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MTH first doll croppedWhen I was cleaning out my parents’ house last spring, I found an old doll. Its body was corduroy, it was stuffed with something soft, but had a hard plastic face.

I remembered the doll from my childhood, but I didn’t know where it came from. Was it mine? Or my mother’s? I couldn’t remember ever playing with it. All I knew was that the doll had been around as long as I could remember. Because it was so old, I kept it.

My sister, brother and I also found boxes and boxes of pictures in the house. Everywhere we looked, it seemed, there were more pictures. We didn’t go through them at the time. We stowed all the boxes in my sister’s minivan, then put them in her dining room in a Seattle suburb.

In late July, I visited my sister and went through the photographs my father had kept. I spent most of a day in her dining room, thumbing through envelope after envelope of snapshots. If one envelope was mostly me or my family, I dumped it in my stack. And envelopes that were mostly of my sister or my brother and their children went into their stacks.

I didn’t have the time nor the energy to sort picture by picture. Envelope by envelope was all I could handle.

Then I boxed up my stack of pictures and put the boxes in the back of my rental car. My husband and I were headed from the Seattle area to Cannon Beach for a family reunion with his side of the family. In Cannon Beach I transferred the boxes from the rental car to my sister-in-law’s car. She had driven out from Missouri and agreed to drive the boxes back to Missouri for me.

After my sister-in-law delivered the boxes to my house, I stashed them in my dining room, still unable to go through them one by one.

Finally, sometime late this fall, I decided to organize the pictures at least by generations. I thought some of them might be helpful in jogging my memory for this blog. There were a few old pictures of my parents. Many of my childhood. And many more of my children’s childhood. I found some gems, but I’m still missing pictures I know I saw in my sister’s dining room. They must be someplace—perhaps in one of my siblings’ stacks, if not in some box of mine I’ve misplaced.

One of the photographs I noticed as I went through the pictures this fall was of my first Christmas in 1956 and all the presents I received from Santa Claus as an eight-month-old.

Xmas 56 (cropped)

What Santa Claus brought me for my first Christmas in 1956

And there in the photograph next to Humpty Dumpty was the little doll I found almost fifty-nine years later in my parents’ house. So the doll was mine—probably my first doll.

(And as a side note, I think the cat-shaped rug on which the doll sits was the rug I later took to kindergarten, when I argued with another little girl over which of us got to use our favorite cubby. Many of the items I received that first Christmas remained in our family for many, many years. The rocking horse is still in the family today.)

I don’t know why my parents kept this doll. Since I can’t recall playing with it, it doesn’t have much meaning to me. Unless the meaning is in the fact that my parents kept it—it must have had meaning for one of them, probably my mother. Perhaps the doll brought back memories to her of her first Christmas as a mother, of a time in her life she treasured.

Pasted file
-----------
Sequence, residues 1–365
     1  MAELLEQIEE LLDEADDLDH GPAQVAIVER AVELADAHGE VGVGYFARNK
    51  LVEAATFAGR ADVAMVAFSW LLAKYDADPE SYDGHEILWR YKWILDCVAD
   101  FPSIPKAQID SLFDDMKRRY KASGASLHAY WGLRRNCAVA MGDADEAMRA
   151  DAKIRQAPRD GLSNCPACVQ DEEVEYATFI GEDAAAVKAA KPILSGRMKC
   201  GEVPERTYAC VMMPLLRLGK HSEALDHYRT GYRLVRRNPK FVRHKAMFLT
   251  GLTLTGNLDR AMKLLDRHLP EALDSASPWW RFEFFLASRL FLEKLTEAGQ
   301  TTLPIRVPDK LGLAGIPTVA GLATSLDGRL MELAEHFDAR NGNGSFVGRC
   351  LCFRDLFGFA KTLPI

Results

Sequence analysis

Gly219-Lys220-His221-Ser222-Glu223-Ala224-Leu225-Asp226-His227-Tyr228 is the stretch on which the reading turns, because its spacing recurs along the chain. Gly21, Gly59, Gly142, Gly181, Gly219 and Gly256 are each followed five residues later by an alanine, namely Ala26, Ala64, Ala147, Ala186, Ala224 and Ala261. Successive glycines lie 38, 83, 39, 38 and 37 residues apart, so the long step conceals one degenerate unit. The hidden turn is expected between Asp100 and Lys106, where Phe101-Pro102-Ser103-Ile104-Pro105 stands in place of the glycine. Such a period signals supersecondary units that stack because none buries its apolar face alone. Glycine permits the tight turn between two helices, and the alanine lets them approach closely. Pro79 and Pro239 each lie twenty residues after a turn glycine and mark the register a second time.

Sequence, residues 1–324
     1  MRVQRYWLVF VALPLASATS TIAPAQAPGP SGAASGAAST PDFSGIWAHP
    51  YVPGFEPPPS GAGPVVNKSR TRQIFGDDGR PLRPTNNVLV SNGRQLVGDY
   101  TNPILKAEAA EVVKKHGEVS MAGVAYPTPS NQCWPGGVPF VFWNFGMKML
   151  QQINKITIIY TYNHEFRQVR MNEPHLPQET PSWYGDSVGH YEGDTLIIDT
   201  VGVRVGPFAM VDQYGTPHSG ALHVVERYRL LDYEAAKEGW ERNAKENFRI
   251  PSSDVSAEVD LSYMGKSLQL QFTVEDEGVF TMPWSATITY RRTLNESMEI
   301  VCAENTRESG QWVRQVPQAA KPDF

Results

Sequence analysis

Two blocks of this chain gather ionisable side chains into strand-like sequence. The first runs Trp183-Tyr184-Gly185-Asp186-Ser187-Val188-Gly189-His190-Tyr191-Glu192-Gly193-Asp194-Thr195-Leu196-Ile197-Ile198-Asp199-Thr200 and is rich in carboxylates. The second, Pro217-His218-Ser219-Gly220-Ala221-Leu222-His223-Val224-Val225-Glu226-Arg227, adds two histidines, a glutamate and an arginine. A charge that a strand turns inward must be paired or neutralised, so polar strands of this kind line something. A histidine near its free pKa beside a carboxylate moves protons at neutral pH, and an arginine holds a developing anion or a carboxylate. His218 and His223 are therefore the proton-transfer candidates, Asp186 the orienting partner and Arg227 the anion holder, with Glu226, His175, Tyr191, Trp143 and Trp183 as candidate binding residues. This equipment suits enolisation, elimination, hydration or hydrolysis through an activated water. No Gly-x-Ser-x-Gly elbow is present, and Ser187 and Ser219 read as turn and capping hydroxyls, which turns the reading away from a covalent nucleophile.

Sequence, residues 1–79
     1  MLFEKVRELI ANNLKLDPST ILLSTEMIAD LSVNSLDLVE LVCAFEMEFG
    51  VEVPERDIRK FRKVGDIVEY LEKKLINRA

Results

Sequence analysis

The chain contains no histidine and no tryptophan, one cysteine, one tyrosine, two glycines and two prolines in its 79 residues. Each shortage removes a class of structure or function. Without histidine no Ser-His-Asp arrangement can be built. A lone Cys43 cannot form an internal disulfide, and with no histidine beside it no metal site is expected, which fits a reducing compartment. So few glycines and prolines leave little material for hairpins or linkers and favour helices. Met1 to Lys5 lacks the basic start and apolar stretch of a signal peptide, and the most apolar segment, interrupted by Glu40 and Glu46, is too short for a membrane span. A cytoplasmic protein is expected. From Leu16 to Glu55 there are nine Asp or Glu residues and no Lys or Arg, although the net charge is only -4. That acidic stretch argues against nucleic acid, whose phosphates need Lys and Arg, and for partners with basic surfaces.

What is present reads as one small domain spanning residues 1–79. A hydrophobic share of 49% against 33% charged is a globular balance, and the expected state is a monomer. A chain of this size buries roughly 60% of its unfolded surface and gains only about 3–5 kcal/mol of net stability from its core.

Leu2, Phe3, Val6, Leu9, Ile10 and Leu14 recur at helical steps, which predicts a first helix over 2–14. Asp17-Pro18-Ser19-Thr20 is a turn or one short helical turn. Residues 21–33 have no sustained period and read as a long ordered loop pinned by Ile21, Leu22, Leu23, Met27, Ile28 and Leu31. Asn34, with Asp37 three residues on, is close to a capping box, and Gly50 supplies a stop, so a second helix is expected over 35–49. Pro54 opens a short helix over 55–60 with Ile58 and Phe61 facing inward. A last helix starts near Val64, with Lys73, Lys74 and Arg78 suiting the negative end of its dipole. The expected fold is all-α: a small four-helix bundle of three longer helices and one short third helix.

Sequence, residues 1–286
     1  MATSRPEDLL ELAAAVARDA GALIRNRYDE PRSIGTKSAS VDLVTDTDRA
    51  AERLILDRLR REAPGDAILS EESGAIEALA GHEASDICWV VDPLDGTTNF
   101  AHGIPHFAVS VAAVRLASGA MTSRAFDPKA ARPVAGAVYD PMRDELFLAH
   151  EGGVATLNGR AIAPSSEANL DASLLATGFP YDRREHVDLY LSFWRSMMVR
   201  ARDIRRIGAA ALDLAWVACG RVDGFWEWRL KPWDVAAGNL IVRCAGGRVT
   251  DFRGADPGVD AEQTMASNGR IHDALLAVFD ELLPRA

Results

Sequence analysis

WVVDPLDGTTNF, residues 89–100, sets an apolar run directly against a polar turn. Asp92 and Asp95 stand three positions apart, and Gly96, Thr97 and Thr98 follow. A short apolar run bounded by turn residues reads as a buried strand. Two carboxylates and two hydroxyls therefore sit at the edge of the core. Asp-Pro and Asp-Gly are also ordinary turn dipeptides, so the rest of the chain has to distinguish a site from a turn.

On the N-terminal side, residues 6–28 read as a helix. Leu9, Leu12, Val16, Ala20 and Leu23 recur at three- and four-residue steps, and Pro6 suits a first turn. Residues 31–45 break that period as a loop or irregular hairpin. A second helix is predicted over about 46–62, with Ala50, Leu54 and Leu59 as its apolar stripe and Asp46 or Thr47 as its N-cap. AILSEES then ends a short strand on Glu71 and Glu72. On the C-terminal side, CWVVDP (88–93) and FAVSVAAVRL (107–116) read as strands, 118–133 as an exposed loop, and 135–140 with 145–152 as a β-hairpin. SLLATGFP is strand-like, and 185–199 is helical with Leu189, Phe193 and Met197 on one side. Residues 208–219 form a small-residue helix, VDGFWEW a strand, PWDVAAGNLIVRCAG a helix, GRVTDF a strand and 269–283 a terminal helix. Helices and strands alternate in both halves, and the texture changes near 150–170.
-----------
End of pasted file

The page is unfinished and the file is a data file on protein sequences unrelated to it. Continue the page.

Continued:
When has a photograph solved a mystery for you?

A Christmas Stocking Tantrum

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mantel at Christmas 20151220_213210

Decorated for Christmas, 2015

My Christmas preparations are about finished—the cards are mailed, the packages wrapped, and the house decorated. I still have some cooking to do, but it will get done.

I don’t do a lot of decorating for holidays. When the children were small, I made token attempts for Valentine’s Day, Easter, Halloween, and Thanksgiving. I did a bit more at Christmas. Now, Christmas is the only season that gets any recognition at all in our home.

But we typically have a real evergreen Christmas tree (unless we are traveling for a week or more). I get out two tabletop artificial trees, and I line up the Christmas cards we receive on the mantel. I hang the children’s stockings on mantel hooks my husband installed many years ago, though the children (now in their 30s) no longer allow me to fill them.

Every time I hang the stockings, I smile at a memory of my daughter as a toddler.

J stocking20151220_213218

Son’s stocking

As a baby, my son—our older child—received his stocking from my husband’s great aunt, Aunt Evelyn. She had a friend who made Christmas stockings of appliqued felt and sequins and other decorations. The stocking was a lovely gift for our little baby’s first Christmas. His stocking depicts Santa Claus making a list and it bears our son’s name embroidered at the top in heavy gold thread. (He now usually goes by James, but was “Jamie” as a child.)

By the time our daughter came along a few years later, Aunt Evelyn had lost her source for Christmas stockings. I bought a stocking at Hallmark for our baby daughter. But it didn’t match our son’s stocking.

M stocking 20151220_213238

Daughter’s stocking

When our daughter was about three, I found a felt appliqued stocking about the same size as our son’s. It showed Santa and a snowman sledding, with a starry blue sky overhead. I bought it and took it home to show my daughter.

She didn’t like it. Her name was not embroidered on the stocking. She burst into tears. “I want my name on it!”

“Let’s just hang it up,” I said. “Everyone will know it’s yours.”

She cried more. Big sobs.

“I’ll embroider it for next year,” I said. “I don’t have time now.”

No deal.

“I don’t have any gold thread,” I said. “If you want it to match Jamie’s, you’ll have to wait.”

More sobs.

“Fine,” I finally said. “I’ve got blue yarn. That’s all I have. It won’t show up very well, but it’s your choice—blue now or wait until next year for gold.”

Blue yarn won. I whipped out a needle and the blue yarn and embroidered “Marcy” against the dark blue sky.